"Twelve billion dollars or more for one ship is simply too expensive," he said at a hearing to discuss the Navy's 2016 budget request.
Huntington Ingalls Industries is the sole U.S. builder of nuclear-powered aircraft carriers and Virginia's largest industrial employer. Mike Petters, the company's CEO, recently told financial analysts that it plans to invest in its Newport News shipyard, both in infrastructure and construction processes, to boost the efficiency of its carrier-building operation.
Petters said even though HII is the only builder of aircraft carriers, it is still competing against the Navy budget to hold down costs.
McCain, who is chairman of the Senate Armed Services committee, has been a consistent critic of the Ford-class program, which has suffered from delays and cost overruns but has since stabilized. His office did not return a call seeking more detail on what McCain meant by increased competition.
HII's Newport News Shipbuilding division is working on three Ford-class carriers. The first-in-class Gerald R. Ford has been launched, and is undergoing further outfitting testing before being delivered to the Navy next year. Sections of the next ship, to be named for John F. Kennedy, are already taking shape. The third ship, now in the planning stages, will be named Enterprise.
Procurement costs for all three ships have increased anywhere from 22.9 percent to 25.7 percent since fiscal year 2008, according to a March 3 report from the Congressional Research Service. However, the same report also noted that costs on Ford have stabilized, while costs on Kennedy and Enterprise have dropped slightly.
The Ford's cost is now pegged at $12.9 billion, although the Government Accountability Office has questioned whether the Navy can stay under that amount because of costs related to new technologies and required testing.
Testifying at Tuesday's hearing, Navy Secretary Ray Mabus acknowledged problems with the first-in-class ship.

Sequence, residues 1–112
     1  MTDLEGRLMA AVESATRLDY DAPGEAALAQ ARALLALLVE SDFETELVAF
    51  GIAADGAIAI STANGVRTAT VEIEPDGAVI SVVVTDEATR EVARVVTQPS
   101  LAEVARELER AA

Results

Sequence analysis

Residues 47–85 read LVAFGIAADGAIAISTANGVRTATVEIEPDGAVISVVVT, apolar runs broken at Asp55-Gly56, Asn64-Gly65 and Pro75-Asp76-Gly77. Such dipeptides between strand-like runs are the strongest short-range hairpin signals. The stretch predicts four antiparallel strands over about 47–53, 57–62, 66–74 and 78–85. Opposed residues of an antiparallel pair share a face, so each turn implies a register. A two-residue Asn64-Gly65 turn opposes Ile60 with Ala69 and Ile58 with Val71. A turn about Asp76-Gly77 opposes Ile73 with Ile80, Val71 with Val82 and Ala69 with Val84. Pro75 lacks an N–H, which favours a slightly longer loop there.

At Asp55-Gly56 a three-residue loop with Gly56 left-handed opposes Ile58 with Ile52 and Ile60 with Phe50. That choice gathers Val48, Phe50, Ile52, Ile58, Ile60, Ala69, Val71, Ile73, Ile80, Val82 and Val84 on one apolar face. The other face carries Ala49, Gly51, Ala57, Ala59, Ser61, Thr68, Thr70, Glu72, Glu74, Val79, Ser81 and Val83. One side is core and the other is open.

"The way the Ford was built is not the way to build a ship," he said. "It was designed while it was being built. Too much technology was trying to be forced in, and that technology was not mature."
The Kennedy is expected to come in at about $11.5 billion. GAO has also questioned the feasibility of that goal, although Mabus said the Navy would come in under that. He was also optimistic on the program going forward.
"We've had stable costs for the last three years or more now," he said. "It goes down every day. There is still some risk in the testing of those brand new systems."
Despite these questions, McCain said he strongly supports a more robust Navy fleet and is urging his fellow Republicans to reverse automatic spending cuts that are scheduled to take effect later this year.
Noting threats that range from North Korea to the Islamic State to Ukraine, McCain said "by any measure, today's fleet of 275 ships is too small to address these critical security challenges."
A Navy assessment calls for a 306-ship fleet. A bipartisan defense panel has set the need at 323 to 346 ships. Combat commanders worldwide say they require 450 ships. But if automatic budget cuts kick in for fiscal year 2016, the Navy says the fleet could shrink to 260 ships.
McCain co-authored an op-ed in The Wall Street Journal Tuesday and called on Republicans to reverse the pending budget cuts. The other author was Rep. Mac Thornberry, chairman of the House Armed Services committee.
Lessig can be reached at 757-247-7821.